Convection in Central Amazonia investigated by WRF high resolution simulation: shallow-to-deep convection transition and the role of shallow cumulus clouds under pristine conditions

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Monday, 5 January 2015
Theotonio Pauliquevis, Universidade Federal de São Paulo, Diadema, São Paulo, Brazil; and H. Gomes and H. M. J. Barbosa

Handout (2.3 MB)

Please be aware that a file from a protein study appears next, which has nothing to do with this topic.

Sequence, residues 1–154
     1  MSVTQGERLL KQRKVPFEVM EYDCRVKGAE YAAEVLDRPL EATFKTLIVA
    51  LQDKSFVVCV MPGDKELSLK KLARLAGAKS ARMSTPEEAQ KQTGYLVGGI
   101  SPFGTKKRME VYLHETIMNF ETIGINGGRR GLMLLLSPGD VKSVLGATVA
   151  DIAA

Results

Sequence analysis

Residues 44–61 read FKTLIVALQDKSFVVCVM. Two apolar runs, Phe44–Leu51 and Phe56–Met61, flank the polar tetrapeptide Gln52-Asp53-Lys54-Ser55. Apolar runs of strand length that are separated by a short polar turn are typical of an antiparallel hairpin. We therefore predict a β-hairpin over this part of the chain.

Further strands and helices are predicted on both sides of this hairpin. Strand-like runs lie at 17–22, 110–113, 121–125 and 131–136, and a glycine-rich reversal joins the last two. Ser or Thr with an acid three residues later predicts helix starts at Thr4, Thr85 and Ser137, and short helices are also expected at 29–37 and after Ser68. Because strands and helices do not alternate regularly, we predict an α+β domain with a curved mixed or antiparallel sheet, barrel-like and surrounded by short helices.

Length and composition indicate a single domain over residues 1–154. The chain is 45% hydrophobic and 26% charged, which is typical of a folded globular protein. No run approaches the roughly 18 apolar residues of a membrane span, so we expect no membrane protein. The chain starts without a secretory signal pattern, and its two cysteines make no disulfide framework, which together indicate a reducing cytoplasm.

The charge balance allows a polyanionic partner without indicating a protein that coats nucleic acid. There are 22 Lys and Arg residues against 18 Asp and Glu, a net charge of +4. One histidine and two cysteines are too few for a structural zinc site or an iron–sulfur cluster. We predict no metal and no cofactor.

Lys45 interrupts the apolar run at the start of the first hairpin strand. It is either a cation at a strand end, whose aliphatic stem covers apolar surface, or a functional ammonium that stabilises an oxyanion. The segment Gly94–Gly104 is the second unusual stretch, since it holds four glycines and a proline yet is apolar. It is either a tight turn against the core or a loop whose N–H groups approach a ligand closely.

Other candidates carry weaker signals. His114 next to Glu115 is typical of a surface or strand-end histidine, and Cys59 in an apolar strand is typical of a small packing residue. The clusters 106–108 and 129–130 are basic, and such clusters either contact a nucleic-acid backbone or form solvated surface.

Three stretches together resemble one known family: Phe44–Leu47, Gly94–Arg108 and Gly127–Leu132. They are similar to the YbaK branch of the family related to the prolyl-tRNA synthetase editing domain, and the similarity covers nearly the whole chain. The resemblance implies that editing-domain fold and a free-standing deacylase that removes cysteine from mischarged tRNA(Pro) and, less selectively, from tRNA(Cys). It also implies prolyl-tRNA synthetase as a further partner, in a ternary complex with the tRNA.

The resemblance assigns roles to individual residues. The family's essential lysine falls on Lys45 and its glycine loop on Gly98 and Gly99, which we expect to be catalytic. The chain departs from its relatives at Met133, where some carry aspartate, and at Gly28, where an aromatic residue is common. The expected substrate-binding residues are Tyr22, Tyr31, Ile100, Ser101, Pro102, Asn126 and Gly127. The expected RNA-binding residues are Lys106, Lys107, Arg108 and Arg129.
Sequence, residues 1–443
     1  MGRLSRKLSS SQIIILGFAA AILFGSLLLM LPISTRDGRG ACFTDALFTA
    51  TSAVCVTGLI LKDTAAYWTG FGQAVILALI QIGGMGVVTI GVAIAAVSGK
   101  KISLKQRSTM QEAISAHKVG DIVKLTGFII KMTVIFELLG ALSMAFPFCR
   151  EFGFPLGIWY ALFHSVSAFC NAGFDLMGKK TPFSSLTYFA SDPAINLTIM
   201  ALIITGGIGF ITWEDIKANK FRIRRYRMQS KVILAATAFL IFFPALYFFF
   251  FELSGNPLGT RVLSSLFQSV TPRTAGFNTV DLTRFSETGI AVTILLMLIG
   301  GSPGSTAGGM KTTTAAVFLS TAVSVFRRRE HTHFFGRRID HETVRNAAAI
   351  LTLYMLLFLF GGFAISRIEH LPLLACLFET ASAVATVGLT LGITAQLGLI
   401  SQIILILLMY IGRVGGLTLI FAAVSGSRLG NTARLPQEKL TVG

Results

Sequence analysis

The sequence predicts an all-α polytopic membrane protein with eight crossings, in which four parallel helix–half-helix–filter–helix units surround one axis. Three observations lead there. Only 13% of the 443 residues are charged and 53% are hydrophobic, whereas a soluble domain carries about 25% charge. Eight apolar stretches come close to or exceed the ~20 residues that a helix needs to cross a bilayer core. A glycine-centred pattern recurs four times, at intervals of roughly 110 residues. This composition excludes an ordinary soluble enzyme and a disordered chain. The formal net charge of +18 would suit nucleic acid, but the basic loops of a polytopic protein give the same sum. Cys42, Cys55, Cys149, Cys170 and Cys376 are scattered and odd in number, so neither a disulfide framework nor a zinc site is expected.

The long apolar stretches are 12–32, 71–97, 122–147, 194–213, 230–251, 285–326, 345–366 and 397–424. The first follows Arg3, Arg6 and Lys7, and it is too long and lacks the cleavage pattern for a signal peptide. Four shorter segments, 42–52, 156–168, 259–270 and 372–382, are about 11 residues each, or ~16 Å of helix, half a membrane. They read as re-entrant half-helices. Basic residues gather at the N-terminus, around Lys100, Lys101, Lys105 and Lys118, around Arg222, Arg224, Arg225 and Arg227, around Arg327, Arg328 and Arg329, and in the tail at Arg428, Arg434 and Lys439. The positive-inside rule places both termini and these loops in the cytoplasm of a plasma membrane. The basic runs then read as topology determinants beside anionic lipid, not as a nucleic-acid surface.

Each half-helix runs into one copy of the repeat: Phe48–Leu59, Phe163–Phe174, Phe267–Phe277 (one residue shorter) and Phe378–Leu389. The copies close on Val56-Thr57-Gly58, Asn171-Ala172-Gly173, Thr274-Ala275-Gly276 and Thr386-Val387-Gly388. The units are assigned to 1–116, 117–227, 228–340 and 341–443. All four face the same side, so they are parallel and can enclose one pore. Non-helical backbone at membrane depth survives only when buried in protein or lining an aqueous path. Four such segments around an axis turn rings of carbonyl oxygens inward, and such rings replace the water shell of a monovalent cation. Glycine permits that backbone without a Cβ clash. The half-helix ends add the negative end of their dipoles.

In this study we evaluate the skill of WRF model to simulate the actual diurnal cycle of convection in the Amazon basin . Models typically are not capable to simulate the well documented cycle that yields in rain at afternoon. First, a shallow cumulus field is established in the morning, with light or no precipitation. Shallow cumulus are followed by a towering process around noon. It evolves from shallow to deep convection, and rain occurs around 14h (LT). Models typically make precipitation take place in the early morning. The fail in models is explained by the typical size of shallow cumulus (~0.5 – 2.0 km), whereas models usually are set with coarser resolution (> 20 km), and employ cumulus parametrization. To check the ability of the model to correct simulate the diurnal cycle of convection in this study we employed high spatial resolution (x = 0.625 km) to reach the shallow cumulus scale. The simulations correspond to a dynamical downscaling of ERA-Interim from 25 to 28 February 2013 with 40 vertical levels, 30 minutes outputs, and three nested grids (10 km, 2.5 km, 0.625 km). Improved vegetation (USGS + PROVEG), albedo and greenfrac (computed from MODIS-NDVI + LEAF-2 land surface parametrization), as well as pseudo analysis of soil moisture were used as input data sets, resulting in more realistic precipitation fields when compared to observations in sensitivity tests. Convective parametrization was switched off for the 2.5/0.625 km grids, where cloud formation was solely resolved by the microphysics module (WSM6 scheme, which provided better results). Results showed a significant improved capability of the model to simulate diurnal cycle. Shallow cumulus begin to appear in the first hours in the morning. They were followed by a towering process that culminates with precipitation in the early afternoon, which is the behavior well described by observations but rarely obtained in models. Rain volumes were also realistic (~20 mm for single events) when compared to typical events during the period, which is in the core of the wet season. Cloud fields evolution also differed with respect to Amazonas River bank, which is a clear evidence of the interaction between river breeze and large scale circulation. This results will be particularly interesting for campaigns occurring in Amazonia aiming to detect aerosol effects, once this simulations represent the baseline condition of clouds without anthropogenic aerosol influence.